Monday, 2 January 2012

Does Media Thrive on Sensationalism

The scenario of commercial industries such as media, IT, hospitality and likes is highly competitive. The adage “Strike the iron when it is hot” is one of the key secrets to survival in the current dog-eat-dog world. Media is no exception. Sensationalism is the new-age success recipe in the field of print and digital journalism.

Both digital media and print media are neck-and-neck in competition for a lion’s share of the market. Print newspapers are engaged in a rat race for increasing their own circulation. Advertisement is the chief source of revenue for a print media house. A newspaper needs to extend its circulation in order to get more advertisements. Evidently, print media sensationalize news and serve it as a spicy dish for the readers to feed on. 

Digital media is steps ahead of print media when it comes to practicing sensationalism. Television news channels or digital media companies are racing against each other at a break-neck speed for higher TRP. Sensationalism is the only way out for them.

What is sensationalism in the media world? It refers to emotionalizing news to appeal to the soft corners of human minds. It is somewhat akin to emotional branding. Or, to say precisely, sensationalizing news is adding to the excitement or hype around an interesting or shocking event.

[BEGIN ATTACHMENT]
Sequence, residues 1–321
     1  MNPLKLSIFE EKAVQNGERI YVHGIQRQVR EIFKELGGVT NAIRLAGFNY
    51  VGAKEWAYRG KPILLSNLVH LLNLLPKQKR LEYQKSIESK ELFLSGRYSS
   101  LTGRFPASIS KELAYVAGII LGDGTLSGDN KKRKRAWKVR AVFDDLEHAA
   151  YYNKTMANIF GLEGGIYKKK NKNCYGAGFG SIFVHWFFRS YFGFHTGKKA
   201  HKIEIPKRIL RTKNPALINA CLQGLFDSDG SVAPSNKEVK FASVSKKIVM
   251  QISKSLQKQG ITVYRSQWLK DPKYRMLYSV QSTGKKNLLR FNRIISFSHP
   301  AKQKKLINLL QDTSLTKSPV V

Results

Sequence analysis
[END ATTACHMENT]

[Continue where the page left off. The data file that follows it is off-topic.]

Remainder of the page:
At present, media sensationalism is running high centering round the fire incident at an AMRI Hospital in Kolkata. TV journalists are using their camera lens to capture and print journalists are using their pens to write on the pictures of damage caused by fire and the public outcry against the hospital authority.

Every news channel and every daily is dishing out stories focused on the angst and anguish, grief and grievance of the victims’ families. Such news stories rich in emotional elements click with the audience. To some extent, it is necessary to highlight the pictures of public outcry against the at-fault authority, so that the responsible may taste the bitter fruit of its unjust action. Sometimes media sensationalism takes a toll on the emotional health of readers, though.

Peepli Live produced by Amir Khan is the latest and best reference to how media thrives on sensationalism around a poor farmer’s plan to commit suicide.        


jomelyn sayangda said...

Media Sensationalism..yeah this is very true,, it is indeed happening. A tropical cyclone just hit our country and the media is sensationalizing the events. As a viewer, I cannot avoid to be irritated for some reason that these media people are taking advantage of the depressing situation to get more viewers and actually makes me feel to doubt on the credibility and reliability of their report. Its like they are making their own movie out of the situation, they are making it worst, adding their reports with emotional and some acting skills. Can't they just deliver it in a simple manner, not an emotional like reporting-- for the situation itself is very depressing..leave the emotions to us viewers.

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